SBJ/Sept. 2-8, 2013/Global Special Issue

Women of the sports world

Claire Williams
Deputy team principal, Williams F1

Claire Williams’ appointment as deputy team principal at Williams F1 in March was a rare occurrence in the world
Claire Williams has found a home for herself in the male-dominated world of Formula One racing.
Photo by: Getty Images
of Formula One. She is one of only two women, along with Sauber F1’s Monisha Kaltenborn, to hold the role.

In an environment as male-dominated as F1, Williams understands the importance of her role and stressed the need for more female role models.

“It’s all about providing that example,” she said. “As more women come forward and take more leadership roles, it will in turn inspire other girls to see that it can be done.”

Williams is proud to count Susie Wolff, F1’s only female driver, as a part of the Williams F1 team and a prime example of the sport’s slow shift in gender roles.

“[Wolff] can demonstrate that she has gone up against the boys and has been successful,” Williams said. “That will, in itself, breed more girls to come out for the sport.”

Williams’ father, Frank Williams, is the founder of Williams F1 and team principal.

Williams’ primary role is to ensure that the team has the necessary budget to compete. As an independent team without a major backer, Williams F1 relies on its partners and the commercialization of its technology to generate its racing funds. Williams describes her days as “quite manic,” often filled with commercial meetings to secure partners and sponsors.

“There’s a lot of competition for sponsorship dollars out there. There are hundreds of rights holders that all have amazing offers that we’re competing against, in the social and digital space. It’s a tough world out there, but in order to make sure that you meet your budget, you just have to work harder and smarter than your competition.”



Monika Staab
Women’s national team coach, Qatar

In the last 20 years, the German women’s national football team has made its mark as one of the world’s top teams.
Staab teaches soccer in Pakistan during a stint as the country’s national coach.
Photo by: Getty Images
The team boasts two World Cup titles and has won eight of the 11 UEFA Championships.

While the country is now a leading powerhouse in the realm of women’s soccer, Monika Staab can recall a time when the sport was only for men, with little to no access for female players.

“If you asked a man why a woman can’t play football, you would get the answer, ‘She is a crystal, and when you play football, a crystal will break,’” said Staab. “But not every woman is a crystal. My answer is, ‘I’ve been a woman for 54 years, and I haven’t broken yet.’”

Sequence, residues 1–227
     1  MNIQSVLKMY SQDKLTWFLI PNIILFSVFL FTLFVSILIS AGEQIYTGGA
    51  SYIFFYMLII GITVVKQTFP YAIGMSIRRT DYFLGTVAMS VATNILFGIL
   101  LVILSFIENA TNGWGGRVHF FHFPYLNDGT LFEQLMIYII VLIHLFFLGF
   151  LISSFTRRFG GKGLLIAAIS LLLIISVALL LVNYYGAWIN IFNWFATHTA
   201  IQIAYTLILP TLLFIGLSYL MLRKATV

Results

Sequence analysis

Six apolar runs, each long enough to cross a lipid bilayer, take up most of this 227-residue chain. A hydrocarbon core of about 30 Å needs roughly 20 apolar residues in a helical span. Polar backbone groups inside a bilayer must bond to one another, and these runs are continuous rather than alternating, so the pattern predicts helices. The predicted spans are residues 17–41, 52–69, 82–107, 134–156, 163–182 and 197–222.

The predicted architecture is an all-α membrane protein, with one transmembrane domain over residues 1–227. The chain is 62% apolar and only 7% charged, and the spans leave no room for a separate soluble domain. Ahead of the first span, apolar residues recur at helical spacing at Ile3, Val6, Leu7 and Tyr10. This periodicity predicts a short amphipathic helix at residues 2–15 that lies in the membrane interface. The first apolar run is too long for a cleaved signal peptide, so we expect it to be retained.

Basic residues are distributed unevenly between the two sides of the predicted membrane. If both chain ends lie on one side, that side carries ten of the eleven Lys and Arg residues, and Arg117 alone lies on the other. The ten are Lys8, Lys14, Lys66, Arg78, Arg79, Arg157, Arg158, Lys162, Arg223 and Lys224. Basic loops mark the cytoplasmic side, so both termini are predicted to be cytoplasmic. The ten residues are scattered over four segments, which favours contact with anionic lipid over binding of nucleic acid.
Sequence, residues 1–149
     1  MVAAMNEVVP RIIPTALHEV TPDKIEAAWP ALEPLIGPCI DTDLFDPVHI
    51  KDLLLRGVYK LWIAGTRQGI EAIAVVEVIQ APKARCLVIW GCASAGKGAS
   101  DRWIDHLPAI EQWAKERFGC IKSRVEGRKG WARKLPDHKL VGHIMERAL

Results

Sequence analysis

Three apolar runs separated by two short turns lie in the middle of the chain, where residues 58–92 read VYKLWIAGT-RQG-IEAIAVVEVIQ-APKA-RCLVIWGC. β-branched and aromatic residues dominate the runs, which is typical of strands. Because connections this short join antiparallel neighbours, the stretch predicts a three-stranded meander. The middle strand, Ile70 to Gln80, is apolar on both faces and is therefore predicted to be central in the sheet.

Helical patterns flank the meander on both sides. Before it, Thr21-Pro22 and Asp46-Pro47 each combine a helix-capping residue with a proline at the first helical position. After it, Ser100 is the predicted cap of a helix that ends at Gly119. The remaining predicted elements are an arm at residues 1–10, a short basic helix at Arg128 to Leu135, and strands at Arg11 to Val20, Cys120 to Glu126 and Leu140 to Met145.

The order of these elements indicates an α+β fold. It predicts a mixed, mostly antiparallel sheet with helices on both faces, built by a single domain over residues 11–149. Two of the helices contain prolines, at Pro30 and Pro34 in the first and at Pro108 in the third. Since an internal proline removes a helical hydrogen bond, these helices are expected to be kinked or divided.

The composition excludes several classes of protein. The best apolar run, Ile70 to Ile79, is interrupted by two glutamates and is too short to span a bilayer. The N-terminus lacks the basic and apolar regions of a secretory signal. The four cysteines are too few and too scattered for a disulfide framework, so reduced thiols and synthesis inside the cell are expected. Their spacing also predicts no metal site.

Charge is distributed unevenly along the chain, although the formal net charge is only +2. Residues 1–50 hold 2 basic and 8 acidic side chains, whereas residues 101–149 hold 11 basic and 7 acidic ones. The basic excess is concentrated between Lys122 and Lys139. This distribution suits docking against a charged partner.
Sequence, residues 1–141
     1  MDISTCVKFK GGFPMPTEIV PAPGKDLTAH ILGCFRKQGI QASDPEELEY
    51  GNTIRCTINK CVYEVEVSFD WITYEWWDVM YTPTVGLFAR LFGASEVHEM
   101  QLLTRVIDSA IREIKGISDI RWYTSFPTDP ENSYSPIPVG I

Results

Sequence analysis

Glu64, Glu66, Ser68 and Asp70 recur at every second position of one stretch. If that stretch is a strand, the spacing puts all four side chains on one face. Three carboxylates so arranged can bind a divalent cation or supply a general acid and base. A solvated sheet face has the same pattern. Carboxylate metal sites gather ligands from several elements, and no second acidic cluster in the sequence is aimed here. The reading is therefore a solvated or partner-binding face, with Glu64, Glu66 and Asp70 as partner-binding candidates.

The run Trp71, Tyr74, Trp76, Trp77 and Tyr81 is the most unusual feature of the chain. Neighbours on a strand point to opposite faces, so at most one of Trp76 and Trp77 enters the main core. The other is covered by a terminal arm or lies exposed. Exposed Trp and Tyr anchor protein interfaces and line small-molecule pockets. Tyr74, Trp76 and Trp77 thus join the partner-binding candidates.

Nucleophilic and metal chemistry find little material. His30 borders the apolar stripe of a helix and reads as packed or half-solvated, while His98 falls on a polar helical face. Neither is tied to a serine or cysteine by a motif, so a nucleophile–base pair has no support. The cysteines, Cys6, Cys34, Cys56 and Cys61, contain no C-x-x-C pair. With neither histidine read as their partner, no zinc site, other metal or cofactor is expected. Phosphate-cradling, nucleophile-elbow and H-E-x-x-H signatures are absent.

For more than 30 years, Staab has been a pioneer for women’s football. Her time as the manager for 1. FFC Frankfurt from 1993-2004 allowed her to have a direct impact on the growth and development of women’s football in Germany. After witnessing the success of the women’s national team, Staab decided it was time to help grow the sport in other countries.

In 2007, she joined FIFA as the national women’s coach for Bahrain. After six months in Bahrain, followed by four months in Pakistan as the country’s national coach, Staab became a highly sought after consultant and instructor for the development of women’s soccer in the Middle East and Asia, a role that has taken her to 63 countries in the last five years. Staab is the women’s national coach of Qatar, a position she’s held since the end of February.

In a country where it is common for the men to make the decision regarding a woman’s future, Staab once again faces the task of convincing the men that football can be beneficial to women.

“I faced it 43 years ago in Germany, and now I have it again here in Qatar. I’m starting from scratch to convince all the men that women’s football is OK.”



Nawal El Moutawakel
Vice president, IOC Executive Committee

As a young girl, running through the streets of Casablanca, Morocco, Nawal El Moutawakel was an anomaly in a
El Moutawakel has championed the cause of female equality in the Arab world.
Photo by: Getty Images
region lacking in stadiums and female athletic teams. Her speed soon caught the eyes of coaches who groomed her to compete in the inaugural women’s 400m hurdles event at the 1984 Los Angeles Olympics, where she became the first Arab Muslim woman to win Olympic gold.

Thirty years after her historic win, El Moutawakel continues to break gender and cultural stereotypes and remains a symbol for female equality in the Arab world.

El Moutawakel joined the IOC Executive Committee in 1998 and was named vice president in 2012. In this role, she continues to fight for women’s athletics and said she was encouraged by the 2012 London Games, which saw each Arab country send a female athlete for the first time.

“To have them come to the London Games showed that the IOC had an influence on these countries,” El Moutawakel said. “And these countries had a desire to include women.”

A year after London 2012, El Moutawakel believes the impact can be seen in the Arab world. She credits international pressure brought on by the Games for the Saudi Arabian government’s declaration in May to allow young girls to participate in physical education.

“This is a positive sign that shows that maybe the Rio Games will have greater performances from young women and young girls who were not allowed to practice physical education,” El Moutawakel said.

El Moutawakel is proud of the advances Morocco has made since her historic win.

“Since that gold in 1984, we have included women in every single Olympic edition. We never sent women to be participants. We sent them to win.”

Anna Hrushka writes for sister publication SportsBusiness Daily Global.

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